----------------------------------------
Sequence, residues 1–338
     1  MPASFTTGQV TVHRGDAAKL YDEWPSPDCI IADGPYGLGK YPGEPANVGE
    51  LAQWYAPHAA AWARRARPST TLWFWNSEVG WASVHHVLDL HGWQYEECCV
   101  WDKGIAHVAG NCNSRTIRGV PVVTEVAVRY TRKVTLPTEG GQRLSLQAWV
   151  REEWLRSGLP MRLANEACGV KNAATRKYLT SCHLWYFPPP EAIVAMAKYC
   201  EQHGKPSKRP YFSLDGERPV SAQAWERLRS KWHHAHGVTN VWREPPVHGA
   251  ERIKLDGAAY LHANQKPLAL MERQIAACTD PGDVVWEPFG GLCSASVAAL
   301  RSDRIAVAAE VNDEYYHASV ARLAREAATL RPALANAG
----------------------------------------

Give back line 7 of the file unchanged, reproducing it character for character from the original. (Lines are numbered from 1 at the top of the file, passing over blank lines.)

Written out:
   251  ERIKLDGAAY LHANQKPLAL MERQIAACTD PGDVVWEPFG GLCSASVAAL